Tag Archives: seven lakes

Water Quality Update – June 2016

-Article by Brenda Fekete with photographs by Logan Parker

Wow! Is it nearly July already? The early and unusually warm spring sent us out sampling in early April and we have been out weekly on all seven lakes ever since. It is so great to back out on the water with the Water Quality Initiative team!

This year’s team includes six Colby students. We are pleased to have three students returning from last year’s efforts, and welcome three new students to the crew. We have been busy with boat, laboratory and sampling training and are ready for our busy summer schedule. Please stop us when you see us on the water. We would love to introduce ourselves!


Brenda Fekete taking an In-Situ water profile in the upper basin of Long Pond

We are often out on the water by 8 am. As completed during the 2015 season, we plan to continue our weekly secchi measurements, In-Situ water profiles to include temperature, dissolved oxygen and pH analysis, and surface water samples for plankton analysis on all seven lakes. Grab samples for nutrient and elemental analysis will be taken every two meters on a biweekly basis. We completed some early spring sediment sampling and plan to get another round of sediment samples in the fall.

In the afternoons we are in the Colby College labs completing our phosphate, nitrogen and metal analysis of the water samples and looking at the zooplankton and phytoplankton using the FlowCam that is housed at the MLRC. Come by the MLRC lab and see the awesome plankton pictures! And while you are here, please visit our mudpuppies and native fish tanks that Logan has on display.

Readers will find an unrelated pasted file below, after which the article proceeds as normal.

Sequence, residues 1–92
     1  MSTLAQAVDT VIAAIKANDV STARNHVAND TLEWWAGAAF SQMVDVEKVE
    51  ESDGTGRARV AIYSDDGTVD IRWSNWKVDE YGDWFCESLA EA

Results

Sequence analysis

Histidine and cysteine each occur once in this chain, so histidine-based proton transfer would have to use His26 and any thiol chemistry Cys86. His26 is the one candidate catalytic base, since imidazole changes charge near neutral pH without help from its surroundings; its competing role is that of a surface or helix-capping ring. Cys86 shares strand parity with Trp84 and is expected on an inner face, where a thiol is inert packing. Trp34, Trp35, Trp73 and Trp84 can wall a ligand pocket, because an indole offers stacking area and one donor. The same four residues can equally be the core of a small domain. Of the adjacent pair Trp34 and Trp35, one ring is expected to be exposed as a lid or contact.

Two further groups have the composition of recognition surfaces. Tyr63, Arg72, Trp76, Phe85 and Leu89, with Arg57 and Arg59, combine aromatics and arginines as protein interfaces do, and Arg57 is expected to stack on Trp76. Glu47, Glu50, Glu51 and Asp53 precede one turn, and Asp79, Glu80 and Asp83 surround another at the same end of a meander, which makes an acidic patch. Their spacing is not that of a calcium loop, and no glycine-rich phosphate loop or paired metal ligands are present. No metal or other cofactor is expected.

Goldie was deployed on April 16 and started collecting data on April 17th. Real time data is displayed and explained on the Goldie website.


Pete Kallin with one of the new buoys.

One of our early spring projects was to place a Water Quality Test Site buoy at each of the DEP sampling sites on all seven lakes. These buoys required a state permit and were purchased by each of the lake associations. Placed at the deepest parts of the lakes, these buoys will allow our teams to sample at the exact same site every time on every lake. Such will result in more consistent data collected from the deepest holes of the lake, thus increasing the accuracy of our results.   We plan to attach HOBO temperature and fluorescence sensors to each of the buoys in the near future. I would like to give a shout out to Pete Kallin who worked hard to get the permits for the buoys and for overseeing their safe arrival to the MLRC. Thank you to all of the lake associations for agreeing to have these buoys on their lakes and for helping to fund the effort. If you want to know where the deepest part of your lake is … come visit the WQ buoy. However, when visiting, please do not attach your boat to the buoys. Pulling on the buoys will cause the buoys to move from their desired DEP locations.



Acoustic Doppler Current Profilers (ADCP) in the Serpentine Stream